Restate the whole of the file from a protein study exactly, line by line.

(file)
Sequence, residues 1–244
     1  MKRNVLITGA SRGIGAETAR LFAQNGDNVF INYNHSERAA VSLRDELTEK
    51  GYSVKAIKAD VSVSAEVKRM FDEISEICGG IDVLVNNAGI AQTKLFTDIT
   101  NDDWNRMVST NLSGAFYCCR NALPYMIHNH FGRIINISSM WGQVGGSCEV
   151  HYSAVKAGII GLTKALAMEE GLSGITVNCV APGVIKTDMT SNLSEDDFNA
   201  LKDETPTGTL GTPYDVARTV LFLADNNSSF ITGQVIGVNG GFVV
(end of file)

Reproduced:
Sequence, residues 1–244
     1  MKRNVLITGA SRGIGAETAR LFAQNGDNVF INYNHSERAA VSLRDELTEK
    51  GYSVKAIKAD VSVSAEVKRM FDEISEICGG IDVLVNNAGI AQTKLFTDIT
   101  NDDWNRMVST NLSGAFYCCR NALPYMIHNH FGRIINISSM WGQVGGSCEV
   151  HYSAVKAGII GLTKALAMEE GLSGITVNCV APGVIKTDMT SNLSEDDFNA
   201  LKDETPTGTL GTPYDVARTV LFLADNNSSF ITGQVIGVNG GFVV